Growing Your Children's Book Collection

Wednesday, November 11, 2015

Here's the thing, I don't buy books. For myself that is. In the last decade I can count on one hand the books I have purchased for my personal collection. Why is that? Simply because I can get most everything I want to read at the library. And I don't have a burning desire to grow my own library anymore. Also I don't own a tablet so all of my book reading happens the old-fashioned way, hefting heavy tomes or slinging lightweight reads.

But when it comes to children's books that's an entirely different story. True I had a handful of children's books before Amelia arrived, but now that reading has quickly become one of her favorite activities I am constantly on the lookout for new and notable selections. Here are a few ways I vet new picture books before adding them to our permanent collection.

1. Scout out the new picture book section in your local library. A no-brainer, right? Most libraries identify their new books by marking the spine with a sticker and designating them to a specific location in the library. Not sure where the new books are located? Ask your librarian.

2. When it comes to finding holiday books I like to check out a bunch of them at one time. This gives me a chance to take them home and read them without being rushed. Again, many libraries separate these books from the rest of the collection and will sometimes only make them available during the month of the specific holiday.

3. When I say new picture books that doesn't just mean recently published titles. It also includes new-to-me publications that could have easily been popular in say 1972. That said, it's always a good idea to look at award winning books (Caldecott, Geisel, Newberry, Mark Twain, etc.) and the nominees for a particular year.

4. Read reviews online. To be honest I don't do this as regularly as I should. Goodreads has a Choice Award section where you can locate top nominated picture books and even peruse previous years. Similarly the American Library Association (ALA) makes all kinds of online lists of award-winning picture books available. Also, The Read-Aloud Handbook has a list of tried-and-true recommendations. Finally, the New York Times features the 10 best illustrated books at the end of each year.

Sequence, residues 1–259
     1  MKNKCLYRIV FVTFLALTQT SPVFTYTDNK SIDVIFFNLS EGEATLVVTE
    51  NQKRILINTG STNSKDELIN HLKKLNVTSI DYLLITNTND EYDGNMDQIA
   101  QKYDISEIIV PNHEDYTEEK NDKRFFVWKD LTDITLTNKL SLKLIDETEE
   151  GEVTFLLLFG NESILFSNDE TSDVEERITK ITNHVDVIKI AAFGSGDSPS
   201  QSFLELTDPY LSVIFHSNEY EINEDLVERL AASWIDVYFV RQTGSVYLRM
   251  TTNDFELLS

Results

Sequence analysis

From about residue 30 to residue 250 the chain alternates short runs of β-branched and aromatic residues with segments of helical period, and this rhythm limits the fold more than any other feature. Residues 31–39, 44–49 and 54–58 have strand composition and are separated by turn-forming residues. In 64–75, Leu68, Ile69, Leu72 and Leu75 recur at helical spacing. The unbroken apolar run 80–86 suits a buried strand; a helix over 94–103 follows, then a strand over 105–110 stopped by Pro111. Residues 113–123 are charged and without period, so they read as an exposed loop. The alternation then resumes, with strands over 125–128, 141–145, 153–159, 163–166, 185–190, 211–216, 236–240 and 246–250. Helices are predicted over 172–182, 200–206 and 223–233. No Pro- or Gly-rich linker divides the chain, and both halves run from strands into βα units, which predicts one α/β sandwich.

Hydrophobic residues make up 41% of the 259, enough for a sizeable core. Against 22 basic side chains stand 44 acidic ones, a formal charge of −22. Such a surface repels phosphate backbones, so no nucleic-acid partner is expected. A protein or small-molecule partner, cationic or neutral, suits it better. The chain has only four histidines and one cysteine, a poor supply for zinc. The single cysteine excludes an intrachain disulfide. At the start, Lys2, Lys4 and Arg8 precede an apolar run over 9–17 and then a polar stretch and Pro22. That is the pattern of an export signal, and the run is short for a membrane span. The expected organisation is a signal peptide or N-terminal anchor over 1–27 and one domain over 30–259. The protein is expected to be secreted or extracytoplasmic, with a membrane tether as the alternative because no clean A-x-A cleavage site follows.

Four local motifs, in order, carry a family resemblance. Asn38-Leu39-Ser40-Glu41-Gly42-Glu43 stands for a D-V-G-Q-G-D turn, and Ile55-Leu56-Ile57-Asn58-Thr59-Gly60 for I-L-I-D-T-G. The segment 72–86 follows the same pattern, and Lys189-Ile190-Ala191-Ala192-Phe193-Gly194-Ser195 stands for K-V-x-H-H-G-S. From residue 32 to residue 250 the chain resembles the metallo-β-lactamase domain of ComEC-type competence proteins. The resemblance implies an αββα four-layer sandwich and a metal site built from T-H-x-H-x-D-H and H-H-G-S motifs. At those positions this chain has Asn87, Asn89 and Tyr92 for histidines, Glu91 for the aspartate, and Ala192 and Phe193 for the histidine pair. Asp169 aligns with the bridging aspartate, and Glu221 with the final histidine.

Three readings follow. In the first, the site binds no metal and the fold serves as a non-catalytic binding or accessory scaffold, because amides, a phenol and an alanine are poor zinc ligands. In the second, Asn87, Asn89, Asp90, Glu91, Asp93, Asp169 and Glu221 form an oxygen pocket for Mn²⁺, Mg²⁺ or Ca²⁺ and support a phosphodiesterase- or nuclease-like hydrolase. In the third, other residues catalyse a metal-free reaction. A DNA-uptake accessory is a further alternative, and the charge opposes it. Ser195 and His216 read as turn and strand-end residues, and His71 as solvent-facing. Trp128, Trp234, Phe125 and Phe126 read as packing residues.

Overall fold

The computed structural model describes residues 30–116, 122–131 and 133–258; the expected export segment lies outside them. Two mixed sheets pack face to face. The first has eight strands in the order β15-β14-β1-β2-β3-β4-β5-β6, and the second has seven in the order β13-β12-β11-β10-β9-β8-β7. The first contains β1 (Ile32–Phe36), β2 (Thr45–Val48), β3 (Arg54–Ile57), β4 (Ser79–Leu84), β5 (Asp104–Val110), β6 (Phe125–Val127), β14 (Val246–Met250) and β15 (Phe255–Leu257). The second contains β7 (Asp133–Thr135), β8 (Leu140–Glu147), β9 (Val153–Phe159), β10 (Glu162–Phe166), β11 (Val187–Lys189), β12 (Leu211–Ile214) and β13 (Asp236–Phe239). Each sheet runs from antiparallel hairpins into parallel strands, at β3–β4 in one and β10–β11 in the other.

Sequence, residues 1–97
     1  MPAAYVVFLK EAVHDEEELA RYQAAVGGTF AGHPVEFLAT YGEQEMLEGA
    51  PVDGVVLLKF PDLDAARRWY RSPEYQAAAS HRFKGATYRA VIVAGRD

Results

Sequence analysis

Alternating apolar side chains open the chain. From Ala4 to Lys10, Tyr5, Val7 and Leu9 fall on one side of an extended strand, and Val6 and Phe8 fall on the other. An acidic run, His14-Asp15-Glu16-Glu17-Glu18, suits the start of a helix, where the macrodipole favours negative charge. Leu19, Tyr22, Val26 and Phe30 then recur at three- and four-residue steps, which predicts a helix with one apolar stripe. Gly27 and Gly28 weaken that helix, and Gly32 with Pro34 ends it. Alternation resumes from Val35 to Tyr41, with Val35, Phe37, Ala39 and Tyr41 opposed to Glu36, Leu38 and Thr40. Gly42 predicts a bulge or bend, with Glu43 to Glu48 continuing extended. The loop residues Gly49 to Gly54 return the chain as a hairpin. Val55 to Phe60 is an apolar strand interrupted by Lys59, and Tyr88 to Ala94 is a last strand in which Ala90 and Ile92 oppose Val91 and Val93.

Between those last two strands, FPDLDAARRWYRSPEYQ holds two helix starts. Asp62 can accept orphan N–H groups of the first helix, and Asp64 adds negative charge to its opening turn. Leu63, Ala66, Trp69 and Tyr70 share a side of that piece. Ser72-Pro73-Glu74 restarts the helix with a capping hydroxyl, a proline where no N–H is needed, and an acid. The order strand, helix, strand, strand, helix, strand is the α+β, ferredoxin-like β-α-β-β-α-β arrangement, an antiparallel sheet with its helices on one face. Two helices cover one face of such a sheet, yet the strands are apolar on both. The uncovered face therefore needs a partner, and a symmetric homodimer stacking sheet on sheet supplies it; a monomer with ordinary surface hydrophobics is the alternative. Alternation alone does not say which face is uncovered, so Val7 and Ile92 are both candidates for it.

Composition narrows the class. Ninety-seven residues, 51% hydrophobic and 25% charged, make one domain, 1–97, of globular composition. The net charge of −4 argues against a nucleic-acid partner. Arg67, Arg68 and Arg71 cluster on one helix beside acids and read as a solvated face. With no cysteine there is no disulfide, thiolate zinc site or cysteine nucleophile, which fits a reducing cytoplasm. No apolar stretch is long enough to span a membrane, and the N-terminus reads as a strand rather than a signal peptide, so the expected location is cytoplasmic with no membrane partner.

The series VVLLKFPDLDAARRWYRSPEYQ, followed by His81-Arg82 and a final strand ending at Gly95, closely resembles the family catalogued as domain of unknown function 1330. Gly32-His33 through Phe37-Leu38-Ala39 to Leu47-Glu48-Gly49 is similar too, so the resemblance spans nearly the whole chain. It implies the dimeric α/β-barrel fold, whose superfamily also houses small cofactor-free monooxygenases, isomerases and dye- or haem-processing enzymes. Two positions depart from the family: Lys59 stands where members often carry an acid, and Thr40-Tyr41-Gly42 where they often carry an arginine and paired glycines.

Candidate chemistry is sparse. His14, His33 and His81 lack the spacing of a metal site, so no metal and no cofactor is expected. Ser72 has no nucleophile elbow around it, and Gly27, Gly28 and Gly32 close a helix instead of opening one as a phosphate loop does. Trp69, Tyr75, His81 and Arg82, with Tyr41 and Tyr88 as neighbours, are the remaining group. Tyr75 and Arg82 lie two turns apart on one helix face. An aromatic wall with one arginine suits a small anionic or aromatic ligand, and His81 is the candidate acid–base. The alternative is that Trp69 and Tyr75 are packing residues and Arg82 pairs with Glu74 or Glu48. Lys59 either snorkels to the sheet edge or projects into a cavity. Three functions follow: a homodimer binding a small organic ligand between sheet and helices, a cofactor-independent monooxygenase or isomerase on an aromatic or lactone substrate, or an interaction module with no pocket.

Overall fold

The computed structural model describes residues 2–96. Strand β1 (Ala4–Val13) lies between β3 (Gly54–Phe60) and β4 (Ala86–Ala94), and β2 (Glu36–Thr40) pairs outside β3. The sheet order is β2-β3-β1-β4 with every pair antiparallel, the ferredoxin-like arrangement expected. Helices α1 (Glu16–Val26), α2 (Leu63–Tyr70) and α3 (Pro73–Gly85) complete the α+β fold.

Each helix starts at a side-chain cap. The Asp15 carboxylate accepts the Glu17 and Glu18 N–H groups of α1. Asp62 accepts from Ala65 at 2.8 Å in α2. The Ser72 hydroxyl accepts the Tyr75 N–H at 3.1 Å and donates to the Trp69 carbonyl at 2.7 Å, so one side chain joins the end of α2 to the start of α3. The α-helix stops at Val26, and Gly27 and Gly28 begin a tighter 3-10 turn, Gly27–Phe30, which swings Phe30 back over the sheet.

5. We live in an high density library zone. Meaning I have access to over a dozen libraries in a 15 mile radius, including one of the top 25 largest libraries in the nation. Which is kind of great! You may not have the same luxury, but if you do, or even if you have a couple in neighboring cities/counties, I suggest looking at other library collections. This is a great way to find children's books you might not otherwise come across.

6. Follow other bloggers and social media gurus to see what's on their children's book radar. I guarantee you'll find something you've never heard of before. Like from herehere, or here.

7. Request holds regularly. Meaning that if a library doesn't have what you want, simply ask them to get it for you. Amazing, right?

8. Host a children's book exchange. This may not exactly grow your collection, but it will expose you to different titles, which is all part of the process. Similarly, you can find a little free library in your neighborhood and take a book or leave a book. We've found a couple cute board books this way.

9. Ask your children's librarian what picture books they have read and loved lately.

10. Keep a list of what you've read. Rate it and save it until you're ready to buy it. I often put beloved children's books in my Amazon card until I'm ready to purchase a few at a time.

Bonus Tip: Do you have friends that are children's librarians? If yes, ask them to set aside a certain type of book when they are wedding the collection. I got a handful of great winter books this way earlier in the year.

When it comes to buying children's books, either for myself or as a gift, I am fairly particular. Luckily beautiful picture books are in the midst of a lovely resurgence. Implementing these strategies over the last year has been a great way for me to vet books before I buy them—kind of like taking a vehicle test drive. Do you collect children's picture books? Is your collection in a rut? If you haven't visited the children's section of your local library or bookstore recently I'd highly recommend it.


  1. Great post! I love your book recommendations.


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